COVID-19 vaccine uptake and intention during pregnancy in Canada

To investigate COVID-19 vaccine uptake and intent among pregnant people in Canada, and determine associated factors, we conducted a national cross-sectional survey among pregnant people from May 28 through June 7, 2021 (n = 193).

Respondents completed a questionnaire to determine COVID-19 vaccine acceptance (defined as either received or intend to receive a COVID-19 vaccine during pregnancy), factors associated with vaccine acceptance, and rationale for accepting/not accepting the vaccine. Of 193 respondents, 57.5% (n = 111) reported COVID-19 vaccine acceptance.

Among those who did not accept the vaccine, concern over vaccine safety was the most commonly cited reason (90.1%, n = 73), and 81.7% (n = 67) disagreed with receiving a vaccine that had not been tested in pregnant people. Confidence in COVID-19 vaccine safety (aOR 16.72, 95% CI: 7.22, 42.39), Indigenous self-identification (aOR 11.59, 95% CI: 1.77, 117.18), and employment in an occupation at high risk for COVID-19 exposure, excluding healthcare, (aOR 4.76, 95% CI: 1.32, 18.60) were associated with vaccine acceptance. Perceived personal risk of COVID-19 disease was not associated with vaccine acceptance in the multivariate model.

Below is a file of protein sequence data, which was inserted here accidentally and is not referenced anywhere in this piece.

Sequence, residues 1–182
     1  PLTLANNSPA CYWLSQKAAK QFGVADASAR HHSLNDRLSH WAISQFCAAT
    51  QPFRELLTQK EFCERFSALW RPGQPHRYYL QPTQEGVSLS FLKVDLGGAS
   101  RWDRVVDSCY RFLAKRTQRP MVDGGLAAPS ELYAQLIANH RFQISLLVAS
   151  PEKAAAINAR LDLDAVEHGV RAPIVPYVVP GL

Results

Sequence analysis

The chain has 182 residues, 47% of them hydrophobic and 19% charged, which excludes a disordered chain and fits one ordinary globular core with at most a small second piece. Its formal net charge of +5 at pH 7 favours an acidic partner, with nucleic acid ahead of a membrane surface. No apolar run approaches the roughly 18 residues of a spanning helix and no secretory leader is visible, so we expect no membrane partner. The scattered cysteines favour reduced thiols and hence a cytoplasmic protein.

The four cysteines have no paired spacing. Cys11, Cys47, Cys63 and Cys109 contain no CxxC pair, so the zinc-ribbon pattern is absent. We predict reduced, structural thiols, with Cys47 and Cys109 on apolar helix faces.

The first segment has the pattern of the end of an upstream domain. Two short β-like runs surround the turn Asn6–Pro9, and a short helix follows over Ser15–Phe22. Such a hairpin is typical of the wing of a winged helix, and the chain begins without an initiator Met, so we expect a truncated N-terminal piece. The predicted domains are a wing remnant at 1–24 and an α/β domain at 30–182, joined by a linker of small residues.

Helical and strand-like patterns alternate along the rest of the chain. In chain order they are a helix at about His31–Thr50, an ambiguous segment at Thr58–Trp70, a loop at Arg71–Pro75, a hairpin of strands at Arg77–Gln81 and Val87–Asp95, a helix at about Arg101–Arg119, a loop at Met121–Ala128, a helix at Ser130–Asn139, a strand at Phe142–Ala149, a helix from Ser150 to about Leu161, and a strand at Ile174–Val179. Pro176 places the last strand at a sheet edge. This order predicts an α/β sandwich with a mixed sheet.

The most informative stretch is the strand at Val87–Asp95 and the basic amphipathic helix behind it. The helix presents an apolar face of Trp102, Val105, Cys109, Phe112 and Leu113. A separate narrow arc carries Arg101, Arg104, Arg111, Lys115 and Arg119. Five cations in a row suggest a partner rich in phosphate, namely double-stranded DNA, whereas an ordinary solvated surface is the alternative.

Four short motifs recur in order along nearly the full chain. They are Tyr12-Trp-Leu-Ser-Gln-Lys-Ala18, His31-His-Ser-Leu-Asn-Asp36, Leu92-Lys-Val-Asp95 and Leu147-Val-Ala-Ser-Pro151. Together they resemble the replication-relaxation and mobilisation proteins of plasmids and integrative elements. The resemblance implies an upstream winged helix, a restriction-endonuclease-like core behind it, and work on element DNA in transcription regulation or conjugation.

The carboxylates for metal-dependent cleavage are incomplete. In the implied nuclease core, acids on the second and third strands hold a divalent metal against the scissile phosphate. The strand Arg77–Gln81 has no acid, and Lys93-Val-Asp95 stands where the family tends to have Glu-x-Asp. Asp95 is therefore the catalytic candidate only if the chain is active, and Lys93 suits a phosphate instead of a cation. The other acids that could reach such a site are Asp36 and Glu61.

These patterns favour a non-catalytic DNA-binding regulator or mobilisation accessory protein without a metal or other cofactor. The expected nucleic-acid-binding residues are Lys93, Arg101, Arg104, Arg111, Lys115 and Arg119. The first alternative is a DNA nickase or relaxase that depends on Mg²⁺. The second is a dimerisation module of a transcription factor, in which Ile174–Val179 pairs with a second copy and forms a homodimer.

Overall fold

Vaccine safety is a primary concern for this population. Safety information should be communicated to this population as it emerges, along with clear messaging on the benefits of vaccination, as disease risk is either poorly understood or poorly valued in this population.

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Reifferscheid L, Marfo E, Assi A, Dubé E, MacDonald NE, Meyer SB, Bettinger JA, Driedger SM, Robinson J, Sadarangani M, Wilson SE, Benzies K, Lemaire-Paquette S, Gagneur A, MacDonald SE

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